|Filed Under:||Academics / Political Science|
|Posts on Regator:||2175|
|Posts / Week:||7.4|
|Archived Since:||July 25, 2008|
Using data from 2003-11: each minute of online leisure time is correlated with 0.29 fewer minutes on all other types of leisure, with about half of that coming from time spent watching TV and video, 0.05 minutes from (offline) socializing,...Show More Summary
Does NPR make you smarter? Marxism’s comeback? I’m enjoying Nina Munk’s book on Jeff Sachs Bill Easterly’s new favorite TV show NYPD is finding it ‘kind of hard’ to hunt down Banksy Wolverine gets fired Post your questions to Angus … Continue reading ? The post Links I liked appeared first on Chris Blattman.
We meta-analyze enrollment, attendance and dropout impact and cost-effectiveness estimates from forty-two CCT program evaluations in fifteen developing countries. Average impacts and cost-effectiveness estimates for all outcomes in primary and secondary schooling are statistically different from zero, with considerable heterogeneity. Show More Summary
Sex scandals and harassment galore, as it turns out. Read Laura Helmuth at Slate. Either we social scientists are more boring or we cover it up better. Laura’s lessons leaned: Now, you established people, listen up. You will occasionally meet younger … Continue reading ? The post As it turns out, science blogging is scandalous appeared first on Chris Blattman.
I was talking with a prominent development economist a couple of weeks ago. He expressed surprise that Angus Deaton’s new book on development wasn’t getting more attention. Deaton is one of the three or four intellectual giants of the...Show More Summary
Hard to believe it’s been six years! The blog had a whopping 1.1 million page views this year, so thanks to all the new and regular readers. It was a momentous year. First, the reason this blog got turned off … Continue reading ? The post Happy 6th blogiversary appeared first on Chris Blattman.
Q. How physically fit are you? A. I have no physical fitness whatsoever. I don’t like sport. In my country skiing is popular. I find it nonsense. You climb a mountain and you slide down. Why not stay at the … Continue reading ? The post Interesting interviews appeared first on Chris Blattman.
Exhibit A, Teddy Roosevelt: Schrank did shoot Roosevelt, but the bullet lodged in Roosevelt’s chest only after hitting both his steel eyeglass case and a 50-page copy of his speech he was carrying in his jacket. Roosevelt decided the bullet could … Continue reading ? The post Today’s politicians are made of weaker stuff? appeared first on Chris Blattman.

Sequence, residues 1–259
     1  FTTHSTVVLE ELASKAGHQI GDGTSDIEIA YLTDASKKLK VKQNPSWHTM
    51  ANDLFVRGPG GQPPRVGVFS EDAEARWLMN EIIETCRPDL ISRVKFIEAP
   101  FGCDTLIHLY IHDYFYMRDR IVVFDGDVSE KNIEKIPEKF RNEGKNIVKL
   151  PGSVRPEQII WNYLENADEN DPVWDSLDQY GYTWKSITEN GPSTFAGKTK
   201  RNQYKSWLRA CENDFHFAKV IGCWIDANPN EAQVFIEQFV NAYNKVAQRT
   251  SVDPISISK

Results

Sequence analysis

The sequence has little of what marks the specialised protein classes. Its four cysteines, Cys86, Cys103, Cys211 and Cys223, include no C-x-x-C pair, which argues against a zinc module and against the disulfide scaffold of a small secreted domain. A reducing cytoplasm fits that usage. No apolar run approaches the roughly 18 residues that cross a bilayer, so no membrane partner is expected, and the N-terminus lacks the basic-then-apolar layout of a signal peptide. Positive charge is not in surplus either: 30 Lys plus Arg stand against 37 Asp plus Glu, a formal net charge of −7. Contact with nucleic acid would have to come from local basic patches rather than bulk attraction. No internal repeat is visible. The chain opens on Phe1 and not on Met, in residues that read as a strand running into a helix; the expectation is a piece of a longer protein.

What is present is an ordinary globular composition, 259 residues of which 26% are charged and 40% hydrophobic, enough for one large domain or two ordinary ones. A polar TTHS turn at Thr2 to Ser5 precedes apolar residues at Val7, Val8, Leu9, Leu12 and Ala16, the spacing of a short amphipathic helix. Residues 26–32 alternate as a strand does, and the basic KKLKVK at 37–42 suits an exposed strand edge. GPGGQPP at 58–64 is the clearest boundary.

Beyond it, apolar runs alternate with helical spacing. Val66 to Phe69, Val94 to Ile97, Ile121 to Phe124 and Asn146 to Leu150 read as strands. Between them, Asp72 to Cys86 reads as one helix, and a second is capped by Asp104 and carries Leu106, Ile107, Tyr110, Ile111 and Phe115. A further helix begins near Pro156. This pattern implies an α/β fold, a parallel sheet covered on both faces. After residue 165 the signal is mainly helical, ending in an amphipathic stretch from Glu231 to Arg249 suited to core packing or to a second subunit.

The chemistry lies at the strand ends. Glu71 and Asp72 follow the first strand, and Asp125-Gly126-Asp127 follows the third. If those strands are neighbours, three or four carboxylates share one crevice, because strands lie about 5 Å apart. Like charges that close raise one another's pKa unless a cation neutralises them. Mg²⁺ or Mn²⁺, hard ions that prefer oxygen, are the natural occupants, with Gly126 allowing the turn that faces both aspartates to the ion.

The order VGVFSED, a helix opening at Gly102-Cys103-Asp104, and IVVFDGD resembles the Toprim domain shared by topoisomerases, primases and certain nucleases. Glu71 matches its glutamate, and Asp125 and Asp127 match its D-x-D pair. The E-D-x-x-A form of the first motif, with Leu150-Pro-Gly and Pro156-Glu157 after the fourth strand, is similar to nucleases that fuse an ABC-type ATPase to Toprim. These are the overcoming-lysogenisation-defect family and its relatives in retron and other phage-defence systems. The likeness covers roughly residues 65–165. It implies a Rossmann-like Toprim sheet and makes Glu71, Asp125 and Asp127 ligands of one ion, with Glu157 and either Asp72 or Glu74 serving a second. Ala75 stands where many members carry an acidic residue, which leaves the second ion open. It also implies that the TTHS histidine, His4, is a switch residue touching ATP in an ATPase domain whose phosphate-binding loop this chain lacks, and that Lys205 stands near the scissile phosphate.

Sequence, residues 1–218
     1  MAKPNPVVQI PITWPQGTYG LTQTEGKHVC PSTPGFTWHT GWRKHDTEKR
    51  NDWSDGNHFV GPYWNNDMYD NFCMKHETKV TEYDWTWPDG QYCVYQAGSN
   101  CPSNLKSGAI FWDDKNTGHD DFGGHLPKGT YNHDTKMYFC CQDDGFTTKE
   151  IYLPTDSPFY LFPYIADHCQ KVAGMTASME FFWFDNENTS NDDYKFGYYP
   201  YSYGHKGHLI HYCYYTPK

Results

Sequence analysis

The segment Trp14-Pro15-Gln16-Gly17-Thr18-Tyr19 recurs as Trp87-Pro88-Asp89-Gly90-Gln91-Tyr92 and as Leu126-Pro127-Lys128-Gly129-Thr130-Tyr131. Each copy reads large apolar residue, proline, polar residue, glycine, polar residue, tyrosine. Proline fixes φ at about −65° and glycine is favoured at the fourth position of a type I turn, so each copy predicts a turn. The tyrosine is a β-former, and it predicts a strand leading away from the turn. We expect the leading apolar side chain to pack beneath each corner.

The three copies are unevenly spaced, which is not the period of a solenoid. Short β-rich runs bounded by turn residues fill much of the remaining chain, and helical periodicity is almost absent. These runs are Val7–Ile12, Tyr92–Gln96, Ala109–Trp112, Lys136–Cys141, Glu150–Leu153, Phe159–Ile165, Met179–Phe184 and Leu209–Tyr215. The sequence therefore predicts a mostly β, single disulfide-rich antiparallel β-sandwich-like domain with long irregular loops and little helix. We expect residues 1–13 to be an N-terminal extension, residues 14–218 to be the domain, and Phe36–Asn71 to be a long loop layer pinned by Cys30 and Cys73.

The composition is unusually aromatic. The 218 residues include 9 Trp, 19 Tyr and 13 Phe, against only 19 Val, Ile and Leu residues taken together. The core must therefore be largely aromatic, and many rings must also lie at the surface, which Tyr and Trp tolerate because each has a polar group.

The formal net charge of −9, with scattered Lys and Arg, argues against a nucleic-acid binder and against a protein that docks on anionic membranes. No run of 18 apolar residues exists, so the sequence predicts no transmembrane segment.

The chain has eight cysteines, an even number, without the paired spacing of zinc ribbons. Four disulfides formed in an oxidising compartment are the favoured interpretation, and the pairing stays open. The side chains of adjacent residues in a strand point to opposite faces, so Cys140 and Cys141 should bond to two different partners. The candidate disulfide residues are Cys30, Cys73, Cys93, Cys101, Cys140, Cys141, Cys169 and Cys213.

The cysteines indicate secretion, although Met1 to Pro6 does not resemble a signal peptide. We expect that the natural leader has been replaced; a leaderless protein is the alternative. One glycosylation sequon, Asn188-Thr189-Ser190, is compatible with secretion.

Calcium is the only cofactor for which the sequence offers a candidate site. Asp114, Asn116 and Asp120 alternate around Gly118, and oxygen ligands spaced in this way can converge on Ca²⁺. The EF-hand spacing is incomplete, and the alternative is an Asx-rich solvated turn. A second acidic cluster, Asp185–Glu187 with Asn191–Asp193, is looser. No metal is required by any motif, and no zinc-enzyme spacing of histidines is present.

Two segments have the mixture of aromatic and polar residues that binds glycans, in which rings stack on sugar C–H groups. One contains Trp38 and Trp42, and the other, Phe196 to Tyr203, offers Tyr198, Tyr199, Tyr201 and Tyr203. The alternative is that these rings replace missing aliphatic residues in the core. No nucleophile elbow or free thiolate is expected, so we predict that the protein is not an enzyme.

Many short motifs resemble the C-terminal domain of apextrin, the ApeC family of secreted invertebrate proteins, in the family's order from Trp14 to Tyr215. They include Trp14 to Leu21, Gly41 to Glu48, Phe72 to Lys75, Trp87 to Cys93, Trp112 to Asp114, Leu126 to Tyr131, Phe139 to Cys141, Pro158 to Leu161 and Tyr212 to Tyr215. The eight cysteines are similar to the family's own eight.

Papers today from the NBER/BREAD conference on development economics: Why bureaucracy matters (for a future blog post: why I think “bureaucracy” will be the most topical development topic in five years) The direct and spillover effects...Show More Summary
The post Calvin and Hobbes, the documentary appeared first on Chris Blattman.
“The cost of staying connected across borders is completely crazy,” T-Mobile CEO John Legere said of his company’s move to provide free unlimited data roaming around the world. “Today’s phones are designed to work around the world, but we’re forced … Continue reading ? The post Finally someone is shaking up the mobile phone model in America appeared first on Chris Blattman.
Papers today from the NBER/BREAD conference on development economics: The green revolution lies through meteorology? Indian farmers underinvest because rainfall forecasts are poor How poverty affects cognitive function (now ungated)Show More Summary
Bill Easterly reviews The Idealist–a new book on Jeff Sachs and the Millennium Villages New book on reforming foreign aid Police in Turkey now can detain “potential protesters” without court order, based merely on looks How the newest Star Trek movie really should … Continue reading ? The post Links I liked appeared first on Chris Blattman.
The shutdown: why Canada wins (sorry–the original seems to be deleted now, not sure why) Coverage of my cash grants projects and research in the Columbia Spectator GiveDirectly’s founder Paul Niehaus blogs at the World Bank development impact blog When … Continue reading ? The post Links I liked appeared first on Chris Blattman.
The academy had not yet been able to contact Dr. Higgs, who had said before that he would not be available Tuesday. In a phone call Tuesday morning, Alan Walker, a physicist and friend of Dr. Higgs said he had … Continue reading ? The post A rare degree of academic modesty appeared first on Chris Blattman.
This paper explains why some Muslim clerics adopt the ideology of militant Jihad while others do not. I argue that clerics strategically adopt or reject Jihadi ideology because of career incentives generated by the structure of cleric educational networks. Well-connected … Continue reading ?
Daniel Hammermesh notes that published articles are in top economics journals are no longer so dominated by young economists. What has changed? I believe the answer lies in the changing nature of technology in the profession, a slowdown in the … Continue reading ?
Slides are here. As usual, comments and criticisms welcome. The trouble with a course in world development is that any one scholar actually only really knows 5% of the material well. Thankfully I can fake the other 95% as well, but … Continue reading ?
Places that had strong precolonial states are more likely to be autocratic that democratic in the late 20th century. It is the colonized that are more democratic today So argues Jacob Hariri in an excellent APSR paper: This article documents that … Continue reading ?
Portlandia does Battlestar (thankfully this happened to me while still a grad student) Elton John sings an oven manual (h/t @AlexTabarrok) 1957 letter from J.D. Salinger explains why “Catcher In The Rye” wouldn’t work as a movie How physicists propose H.P. … Continue reading ?